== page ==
Older age independently predicts a lower risk of sentinel lymph node metastasis in breast cancer

Jason Caywood, Richard J. Gray, Joseph Hentz, Barbara A Pockaj

Research output: Contribution to journalArticle

15 Citations (Scopus)

Abstract

Background: The influence of patient age on the risk of sentinel lymph node (SLN) metastasis in breast cancer has not been defined. Methods: A breast cancer SLN database was analyzed. Factors associated with SLN metastasis were assessed by multiple logistic regression modeling. Age, T stage, estrogen receptor status, HER-2/neu status, grade, angiolymphatic invasion, lobular histology, tubular/mucinous histology, and the number of SLNs resected were assessed. Results: Data were available for 810 patients with invasive breast cancer. SLN metastasis was observed in 22% of the patients. The factors most strongly associated with SLN metastasis were angiolymphatic invasion, T stage, and age. Age ranged from 29 to 95 years. The median age was 66 years. Overall, SLN metastasis was more common in younger patients (≤66 years) than in older patients (>66 years; P < .001). Among patients without angiolymphatic invasion, SLN metastasis was nearly twice as common in the younger patients as in the older patients. The effect of angiolymphatic invasion as a risk for SLN metastasis was much greater in the older age group. Conclusions: In addition to known risk factors, age independently predicts the risk of SLN metastasis in breast cancer. Angiolymphatic invasion seems to be a more powerful predictor of SLN metastasis in older patients.

Original languageEnglish (US)
Pages (from-to)1061-1065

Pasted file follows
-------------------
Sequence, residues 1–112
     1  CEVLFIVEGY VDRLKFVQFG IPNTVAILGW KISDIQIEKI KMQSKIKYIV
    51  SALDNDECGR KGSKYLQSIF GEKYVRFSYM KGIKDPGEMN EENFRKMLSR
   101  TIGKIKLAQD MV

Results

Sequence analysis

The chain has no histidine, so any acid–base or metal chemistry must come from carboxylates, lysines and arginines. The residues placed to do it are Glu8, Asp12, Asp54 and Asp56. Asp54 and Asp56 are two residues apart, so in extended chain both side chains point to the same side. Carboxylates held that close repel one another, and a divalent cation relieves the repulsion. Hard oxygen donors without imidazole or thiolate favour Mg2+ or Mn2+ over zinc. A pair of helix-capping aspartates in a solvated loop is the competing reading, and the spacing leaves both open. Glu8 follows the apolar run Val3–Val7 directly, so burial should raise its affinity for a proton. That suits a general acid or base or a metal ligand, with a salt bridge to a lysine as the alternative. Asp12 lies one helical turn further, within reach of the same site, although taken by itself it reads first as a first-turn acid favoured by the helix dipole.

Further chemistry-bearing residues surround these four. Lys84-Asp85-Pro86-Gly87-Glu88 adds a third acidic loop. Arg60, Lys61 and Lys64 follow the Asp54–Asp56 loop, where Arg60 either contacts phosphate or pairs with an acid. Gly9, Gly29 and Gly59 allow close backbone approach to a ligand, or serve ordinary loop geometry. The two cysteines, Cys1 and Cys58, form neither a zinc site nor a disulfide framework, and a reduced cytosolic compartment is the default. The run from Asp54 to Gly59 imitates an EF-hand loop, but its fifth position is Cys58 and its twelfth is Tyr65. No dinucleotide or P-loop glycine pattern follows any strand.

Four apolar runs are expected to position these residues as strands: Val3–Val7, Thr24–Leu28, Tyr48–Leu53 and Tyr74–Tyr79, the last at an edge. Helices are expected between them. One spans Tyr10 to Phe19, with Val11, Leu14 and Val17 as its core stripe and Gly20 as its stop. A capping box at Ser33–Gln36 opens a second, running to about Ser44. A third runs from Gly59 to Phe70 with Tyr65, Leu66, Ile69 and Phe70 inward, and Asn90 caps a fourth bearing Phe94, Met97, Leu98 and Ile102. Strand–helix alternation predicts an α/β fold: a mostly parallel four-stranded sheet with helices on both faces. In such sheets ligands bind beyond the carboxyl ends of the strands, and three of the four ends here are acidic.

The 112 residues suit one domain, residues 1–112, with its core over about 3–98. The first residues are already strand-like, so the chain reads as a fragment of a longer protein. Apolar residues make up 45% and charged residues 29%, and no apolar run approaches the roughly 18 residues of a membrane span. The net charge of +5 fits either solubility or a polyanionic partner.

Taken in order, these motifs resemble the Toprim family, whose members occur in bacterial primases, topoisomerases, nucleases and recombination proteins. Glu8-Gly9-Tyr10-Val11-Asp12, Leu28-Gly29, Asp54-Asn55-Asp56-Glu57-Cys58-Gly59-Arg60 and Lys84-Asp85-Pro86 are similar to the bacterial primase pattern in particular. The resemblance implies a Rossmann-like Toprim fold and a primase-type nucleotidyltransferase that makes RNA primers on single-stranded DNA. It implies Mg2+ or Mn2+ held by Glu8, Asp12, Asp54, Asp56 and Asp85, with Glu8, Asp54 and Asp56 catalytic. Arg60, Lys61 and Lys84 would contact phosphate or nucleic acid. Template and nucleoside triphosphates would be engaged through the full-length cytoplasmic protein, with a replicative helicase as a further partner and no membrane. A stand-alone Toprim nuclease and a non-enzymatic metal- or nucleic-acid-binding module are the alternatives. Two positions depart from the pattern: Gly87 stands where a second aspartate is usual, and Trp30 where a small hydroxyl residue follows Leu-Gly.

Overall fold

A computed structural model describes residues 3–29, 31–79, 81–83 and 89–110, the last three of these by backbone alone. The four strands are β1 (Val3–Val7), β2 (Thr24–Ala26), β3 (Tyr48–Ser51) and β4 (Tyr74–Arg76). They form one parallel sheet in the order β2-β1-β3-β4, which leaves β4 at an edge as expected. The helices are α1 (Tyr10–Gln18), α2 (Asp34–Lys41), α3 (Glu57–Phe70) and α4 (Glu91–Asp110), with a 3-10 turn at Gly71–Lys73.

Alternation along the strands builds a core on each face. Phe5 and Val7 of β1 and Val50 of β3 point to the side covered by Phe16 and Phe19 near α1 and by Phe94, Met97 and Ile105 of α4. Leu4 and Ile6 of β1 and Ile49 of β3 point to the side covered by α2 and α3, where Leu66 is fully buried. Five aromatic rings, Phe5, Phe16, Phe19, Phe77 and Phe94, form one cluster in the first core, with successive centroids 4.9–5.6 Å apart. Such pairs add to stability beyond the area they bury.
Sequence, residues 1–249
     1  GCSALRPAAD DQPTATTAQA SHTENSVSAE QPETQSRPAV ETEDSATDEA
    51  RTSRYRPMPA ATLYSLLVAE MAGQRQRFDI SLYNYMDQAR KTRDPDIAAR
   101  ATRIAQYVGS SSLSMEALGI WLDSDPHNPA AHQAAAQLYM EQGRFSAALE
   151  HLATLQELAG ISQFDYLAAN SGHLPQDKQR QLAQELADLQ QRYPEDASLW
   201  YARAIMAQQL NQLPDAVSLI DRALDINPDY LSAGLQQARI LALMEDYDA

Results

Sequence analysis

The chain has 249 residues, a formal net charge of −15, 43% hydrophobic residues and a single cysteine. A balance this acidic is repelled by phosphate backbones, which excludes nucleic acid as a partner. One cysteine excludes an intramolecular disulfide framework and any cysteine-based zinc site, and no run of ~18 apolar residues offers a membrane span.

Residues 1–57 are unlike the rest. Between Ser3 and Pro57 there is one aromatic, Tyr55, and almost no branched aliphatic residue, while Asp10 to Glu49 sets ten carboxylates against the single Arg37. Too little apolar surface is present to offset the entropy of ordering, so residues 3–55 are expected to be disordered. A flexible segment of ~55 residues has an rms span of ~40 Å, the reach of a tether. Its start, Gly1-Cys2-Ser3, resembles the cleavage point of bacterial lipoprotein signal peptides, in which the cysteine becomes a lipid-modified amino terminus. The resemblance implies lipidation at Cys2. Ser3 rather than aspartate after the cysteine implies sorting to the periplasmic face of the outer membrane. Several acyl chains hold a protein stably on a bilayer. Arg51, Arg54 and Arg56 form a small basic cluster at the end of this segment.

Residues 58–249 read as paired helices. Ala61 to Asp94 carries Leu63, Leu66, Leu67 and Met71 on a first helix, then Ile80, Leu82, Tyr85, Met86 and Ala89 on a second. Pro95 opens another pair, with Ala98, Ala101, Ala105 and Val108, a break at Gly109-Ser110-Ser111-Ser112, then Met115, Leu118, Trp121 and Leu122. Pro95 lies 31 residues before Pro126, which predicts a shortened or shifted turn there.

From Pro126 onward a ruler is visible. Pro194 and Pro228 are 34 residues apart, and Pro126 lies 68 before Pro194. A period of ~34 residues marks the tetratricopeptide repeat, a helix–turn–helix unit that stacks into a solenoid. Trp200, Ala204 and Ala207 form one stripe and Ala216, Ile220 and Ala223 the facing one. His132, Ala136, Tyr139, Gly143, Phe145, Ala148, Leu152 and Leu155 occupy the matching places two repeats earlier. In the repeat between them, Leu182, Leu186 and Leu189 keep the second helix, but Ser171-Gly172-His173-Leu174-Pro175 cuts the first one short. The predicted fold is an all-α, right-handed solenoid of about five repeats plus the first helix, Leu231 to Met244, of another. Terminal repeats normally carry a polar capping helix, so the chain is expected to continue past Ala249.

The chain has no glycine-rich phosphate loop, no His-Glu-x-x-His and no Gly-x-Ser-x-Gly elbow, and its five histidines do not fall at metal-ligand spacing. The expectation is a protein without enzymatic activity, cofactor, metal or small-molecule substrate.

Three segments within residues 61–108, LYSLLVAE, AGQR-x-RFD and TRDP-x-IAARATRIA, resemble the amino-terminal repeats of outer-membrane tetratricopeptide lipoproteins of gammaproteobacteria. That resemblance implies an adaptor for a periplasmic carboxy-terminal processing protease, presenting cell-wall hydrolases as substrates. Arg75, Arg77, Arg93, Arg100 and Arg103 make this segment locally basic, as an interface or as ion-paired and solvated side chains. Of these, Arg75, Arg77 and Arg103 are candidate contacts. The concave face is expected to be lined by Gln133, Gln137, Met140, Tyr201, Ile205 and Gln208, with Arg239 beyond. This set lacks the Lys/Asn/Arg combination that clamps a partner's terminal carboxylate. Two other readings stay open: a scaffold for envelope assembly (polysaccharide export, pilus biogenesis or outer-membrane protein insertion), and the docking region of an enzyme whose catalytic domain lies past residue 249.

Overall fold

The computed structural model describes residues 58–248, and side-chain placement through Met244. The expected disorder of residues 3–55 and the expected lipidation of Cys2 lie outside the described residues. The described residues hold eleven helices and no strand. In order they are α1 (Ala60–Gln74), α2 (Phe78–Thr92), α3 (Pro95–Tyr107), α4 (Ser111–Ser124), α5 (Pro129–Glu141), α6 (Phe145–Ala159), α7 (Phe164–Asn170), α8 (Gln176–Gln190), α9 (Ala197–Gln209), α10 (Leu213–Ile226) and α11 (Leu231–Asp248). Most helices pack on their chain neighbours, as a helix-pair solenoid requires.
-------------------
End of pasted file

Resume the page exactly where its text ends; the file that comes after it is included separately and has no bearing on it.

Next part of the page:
Number of pages5
JournalAnnals of Surgical Oncology
Volume12
Issue number12
DOIs
StatePublished - Dec 2005

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Breast Neoplasms
Neoplasm Metastasis
Histology
Sentinel Lymph Node
Estrogen Receptors
Age Groups
Logistic Models
Databases

Keywords

  • Breast cancer
  • Elderly
  • Neoplasm metastasis
  • Sentinel node

ASJC Scopus subject areas

  • Surgery
  • Oncology

Cite this

Older age independently predicts a lower risk of sentinel lymph node metastasis in breast cancer. / Caywood, Jason; Gray, Richard J.; Hentz, Joseph; Pockaj, Barbara A.

In: Annals of Surgical Oncology, Vol. 12, No. 12, 12.2005, p. 1061-1065.

Research output: Contribution to journalArticle

Caywood, Jason ; Gray, Richard J. ; Hentz, Joseph ; Pockaj, Barbara A. / Older age independently predicts a lower risk of sentinel lymph node metastasis in breast cancer. In: Annals of Surgical Oncology. 2005 ; Vol. 12, No. 12. pp. 1061-1065.
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AU - Gray, Richard J.

AU - Hentz, Joseph

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N2 - Background: The influence of patient age on the risk of sentinel lymph node (SLN) metastasis in breast cancer has not been defined. Methods: A breast cancer SLN database was analyzed. Factors associated with SLN metastasis were assessed by multiple logistic regression modeling. Age, T stage, estrogen receptor status, HER-2/neu status, grade, angiolymphatic invasion, lobular histology, tubular/mucinous histology, and the number of SLNs resected were assessed. Results: Data were available for 810 patients with invasive breast cancer. SLN metastasis was observed in 22% of the patients. The factors most strongly associated with SLN metastasis were angiolymphatic invasion, T stage, and age. Age ranged from 29 to 95 years. The median age was 66 years. Overall, SLN metastasis was more common in younger patients (≤66 years) than in older patients (>66 years; P < .001). Among patients without angiolymphatic invasion, SLN metastasis was nearly twice as common in the younger patients as in the older patients. The effect of angiolymphatic invasion as a risk for SLN metastasis was much greater in the older age group. Conclusions: In addition to known risk factors, age independently predicts the risk of SLN metastasis in breast cancer. Angiolymphatic invasion seems to be a more powerful predictor of SLN metastasis in older patients.

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KW - Neoplasm metastasis

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